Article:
The Damage Trump Has Done

tags: GOP, Reagan, Trump

Sean Wilentz is a professor of history at Princeton.

Despite its legislative setbacks of the past year, the presidency of Donald Trump has been stunningly effective in its core mission, the dismantling of modern American government as it has evolved since the Progressive Era of the early 20th Century. And even though a civil war looms inside the Republican Party, Senate Majority Leader Mitch McConnell, House Speaker Paul Ryan and even frequent presidential critics like Sen. Bob Corker have firmly supported most of Trump's program. This should surprise no one: In many respects, the administration's agenda jibes with the main lines of Republican conservatism as laid down by Ronald Reagan more than 30 years ago, pressing massive tax reductions for the wealthy along with deregulation of finance and business. Trump's adherence to Reagan's dictum that "government is not the solution to our problem; government is the problem" is what permits McConnell and the others to behold him as a flawed but useful vehicle for their own politics. Yet in irreducible ways, the anti-government Trump is in fact the anti-Reagan. As Trump consolidates his unmovable popularity among the Republican rank and file, it's become undeniable that his dark political vision has supplanted smiley-face Reagan-style conservatism as the supreme guiding force inside the GOP.

President Reagan believed deeply that the United States had a mystical, even providential mission to stand before the world as a beacon of democracy and opportunity. He spoke often of America as the "shining city upon a hill," its eminence enlarged by the generations of immigrants who had arrived in the wake of the Pilgrims. Reagan upheld traditional virtues of discipline, restraint, hard work and gracious self-effacement as essential to the nation's spiritual foundations. Although he repeatedly asserted that America's best days lay ahead of it, he never doubted America's greatness in the present as well as the past. 

Trump, by contrast, sees no American mission in the world, only a brutal contest for domination in which the United States must be the winner through him alone. He describes America not as a shining city but as a carnage-filled jungle, beset by crime and drugs and overwhelmed by vicious illegal immigrants. Although Reagan couldn't recall that he skirted the Constitution and violated it in the Iran-Contra affair, he never showed open, truculent disdain for the rule of law as Trump has done with his pardoning of the racist Arizona sheriff Joe Arpaio, convicted of criminal contempt for failing to obey the law. Trump denounces Washington as a thoroughly corrupted swamp, even as he cashes in by turning the White House into a money funnel for his far-flung business operations in violation of the Constitution's foreign-emoluments clause. He has set himself up as the commander of a great movement "the likes of which the world has never seen before," then incited that movement to trash proud Reagan conservatives like Sen. John McCain and effectively endorse the likes of Roy Moore, twice ousted from the Alabama court on which he sat for refusing to abide by the law, to say nothing of the sexual-assault allegations against him. Trump has no use for self-effacement, let alone graciousness or restraint, and instead conducts official business, including international diplomacy, with impulsive, unfiltered outbursts of insults. He has introduced to the presidency something once described by the late Sen. Daniel Patrick Moynihan as "defining deviancy down."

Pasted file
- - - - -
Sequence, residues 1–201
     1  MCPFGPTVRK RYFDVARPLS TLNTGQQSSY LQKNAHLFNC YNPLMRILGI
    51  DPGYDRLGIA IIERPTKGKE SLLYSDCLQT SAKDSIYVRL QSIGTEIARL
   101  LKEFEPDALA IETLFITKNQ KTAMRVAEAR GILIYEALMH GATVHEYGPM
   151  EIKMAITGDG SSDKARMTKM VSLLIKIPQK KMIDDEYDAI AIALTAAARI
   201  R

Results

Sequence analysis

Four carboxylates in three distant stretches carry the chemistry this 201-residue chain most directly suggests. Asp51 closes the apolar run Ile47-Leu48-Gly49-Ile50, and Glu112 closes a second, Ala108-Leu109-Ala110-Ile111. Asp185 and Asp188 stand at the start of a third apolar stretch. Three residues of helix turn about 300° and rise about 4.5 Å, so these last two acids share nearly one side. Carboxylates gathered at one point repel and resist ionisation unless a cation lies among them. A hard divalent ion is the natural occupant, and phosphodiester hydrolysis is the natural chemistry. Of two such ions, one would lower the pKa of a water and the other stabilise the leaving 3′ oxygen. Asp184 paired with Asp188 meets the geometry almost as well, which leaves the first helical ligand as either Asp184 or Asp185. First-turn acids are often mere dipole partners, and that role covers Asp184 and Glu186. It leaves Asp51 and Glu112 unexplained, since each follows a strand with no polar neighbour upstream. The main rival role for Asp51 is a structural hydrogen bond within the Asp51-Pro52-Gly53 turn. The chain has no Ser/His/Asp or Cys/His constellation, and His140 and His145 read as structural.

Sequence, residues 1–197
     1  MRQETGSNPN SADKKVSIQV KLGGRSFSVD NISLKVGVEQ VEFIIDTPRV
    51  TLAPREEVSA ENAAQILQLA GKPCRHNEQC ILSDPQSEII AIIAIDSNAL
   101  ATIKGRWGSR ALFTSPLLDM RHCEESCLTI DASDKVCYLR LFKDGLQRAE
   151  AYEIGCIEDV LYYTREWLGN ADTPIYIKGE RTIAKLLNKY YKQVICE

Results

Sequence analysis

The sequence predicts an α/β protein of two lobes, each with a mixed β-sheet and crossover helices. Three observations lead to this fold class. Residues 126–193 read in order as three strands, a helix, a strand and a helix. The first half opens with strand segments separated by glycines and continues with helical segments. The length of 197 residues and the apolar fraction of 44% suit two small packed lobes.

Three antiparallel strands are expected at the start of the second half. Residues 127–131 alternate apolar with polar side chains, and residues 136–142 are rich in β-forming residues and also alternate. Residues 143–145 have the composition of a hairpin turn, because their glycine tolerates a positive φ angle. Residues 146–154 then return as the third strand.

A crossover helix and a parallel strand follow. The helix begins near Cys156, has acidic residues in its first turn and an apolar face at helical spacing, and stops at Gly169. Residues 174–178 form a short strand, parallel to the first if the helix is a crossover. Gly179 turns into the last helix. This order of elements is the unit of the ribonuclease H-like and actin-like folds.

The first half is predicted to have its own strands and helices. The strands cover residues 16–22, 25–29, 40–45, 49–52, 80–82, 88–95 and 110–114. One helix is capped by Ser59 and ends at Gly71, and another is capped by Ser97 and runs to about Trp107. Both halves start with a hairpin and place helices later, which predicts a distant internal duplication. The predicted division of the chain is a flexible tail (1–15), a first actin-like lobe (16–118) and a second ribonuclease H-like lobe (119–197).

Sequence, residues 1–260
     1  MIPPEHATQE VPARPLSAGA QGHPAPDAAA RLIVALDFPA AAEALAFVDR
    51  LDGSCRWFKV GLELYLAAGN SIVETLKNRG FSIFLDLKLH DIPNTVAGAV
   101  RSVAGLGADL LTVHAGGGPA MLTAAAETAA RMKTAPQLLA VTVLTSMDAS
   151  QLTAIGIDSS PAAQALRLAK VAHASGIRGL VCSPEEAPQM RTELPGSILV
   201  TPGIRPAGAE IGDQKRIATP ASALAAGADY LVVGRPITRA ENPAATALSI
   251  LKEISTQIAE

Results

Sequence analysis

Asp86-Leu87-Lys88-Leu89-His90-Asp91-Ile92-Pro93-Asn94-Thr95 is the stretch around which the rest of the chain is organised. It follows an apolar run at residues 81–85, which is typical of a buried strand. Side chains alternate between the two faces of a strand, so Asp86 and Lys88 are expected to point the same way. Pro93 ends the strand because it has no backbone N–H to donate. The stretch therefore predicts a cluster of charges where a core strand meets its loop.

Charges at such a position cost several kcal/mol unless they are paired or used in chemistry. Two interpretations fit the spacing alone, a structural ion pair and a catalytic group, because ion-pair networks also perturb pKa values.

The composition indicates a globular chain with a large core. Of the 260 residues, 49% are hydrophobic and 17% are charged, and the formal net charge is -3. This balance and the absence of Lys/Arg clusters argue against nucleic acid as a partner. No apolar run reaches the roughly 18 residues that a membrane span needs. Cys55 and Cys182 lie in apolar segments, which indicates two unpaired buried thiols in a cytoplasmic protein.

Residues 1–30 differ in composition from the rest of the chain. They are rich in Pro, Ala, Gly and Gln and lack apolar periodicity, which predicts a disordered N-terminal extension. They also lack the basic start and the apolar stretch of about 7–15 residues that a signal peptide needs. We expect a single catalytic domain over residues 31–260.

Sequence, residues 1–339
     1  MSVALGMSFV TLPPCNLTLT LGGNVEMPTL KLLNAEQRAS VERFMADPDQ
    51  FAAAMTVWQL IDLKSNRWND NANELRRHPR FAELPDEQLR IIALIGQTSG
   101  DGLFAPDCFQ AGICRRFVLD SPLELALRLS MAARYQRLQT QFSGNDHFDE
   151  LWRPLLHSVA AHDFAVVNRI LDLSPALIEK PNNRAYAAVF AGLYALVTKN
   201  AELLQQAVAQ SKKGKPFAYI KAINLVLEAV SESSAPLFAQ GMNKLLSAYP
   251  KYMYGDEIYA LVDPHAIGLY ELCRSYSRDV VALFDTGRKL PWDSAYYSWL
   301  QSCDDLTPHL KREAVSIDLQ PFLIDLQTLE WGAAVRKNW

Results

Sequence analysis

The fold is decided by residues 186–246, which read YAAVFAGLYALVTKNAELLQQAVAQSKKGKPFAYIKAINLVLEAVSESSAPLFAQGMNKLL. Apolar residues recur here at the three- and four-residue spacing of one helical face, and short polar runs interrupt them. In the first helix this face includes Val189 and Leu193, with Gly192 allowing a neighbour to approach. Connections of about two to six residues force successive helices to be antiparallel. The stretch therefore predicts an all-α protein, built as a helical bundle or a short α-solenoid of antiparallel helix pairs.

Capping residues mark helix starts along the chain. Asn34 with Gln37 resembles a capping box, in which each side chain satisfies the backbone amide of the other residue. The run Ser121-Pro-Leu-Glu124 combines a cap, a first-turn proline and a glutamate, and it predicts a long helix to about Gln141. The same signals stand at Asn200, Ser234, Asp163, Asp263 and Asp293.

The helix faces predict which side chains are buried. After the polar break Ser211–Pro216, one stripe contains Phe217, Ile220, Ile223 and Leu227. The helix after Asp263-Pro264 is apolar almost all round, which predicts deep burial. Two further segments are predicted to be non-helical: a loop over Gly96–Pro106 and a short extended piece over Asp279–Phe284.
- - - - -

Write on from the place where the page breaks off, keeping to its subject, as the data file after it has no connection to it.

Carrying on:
At the core of Reagan's politics was his stern anti-communism, which centered on the "Evil Empire" of the Soviet Union. It was Reagan's disenchantment with what he saw as liberal appeasement of communists, at home and abroad (as well as high income taxes), that first led him to cut his old New Deal ties. Drifting to the right, as a spokesman for the anti-union General Electric, Reagan came to regard the welfare state as a stalking horse for Soviet-style domination. He hailed slashing taxes and reducing regulations as assertions of individual freedom against statist tyranny but also as springboards for a booming economy that could sustain an indomitable military and subdue the Soviets.

Trump has certainly picked up and supercharged the Reaganite anti-government agenda but with no discernible ideology, only a compulsion to demolish established policies and programs, above all, anything associated with Barack Obama. Trump's political success, meanwhile, owes at least something to the supportive machinations of a former KGB colonel, Vladimir Putin, whose authoritarian regime has wreaked political havoc across the entire Western alliance. Putin is the one major world leader above all whom Trump has most conspicuously defended and singled out for praise, describing Putin during the 2016 campaign as a strong leader, "far more than our president." The xenophobic nationalism with which Trump stirs his political base – less an ideology than a ganglia of resentments – closely resembles the insular appeals of other Russia-friendly right-wing extremists, including Britain's Nigel Farage and France's Marine Le Pen. (Farage has been a particularly keen supporter of Trump's and, with his ties to Julian Assange and WikiLeaks, is reportedly a "person of interest" in the FBI's investigation of connections between the Trump campaign and Russian intelligence.) Under Trump, post-Reagan conservatism has come to this: assailing the federal government not in order to check Russian tyranny but, grotesquely, to mimic it. ...

Read entire article at Rolling Stone

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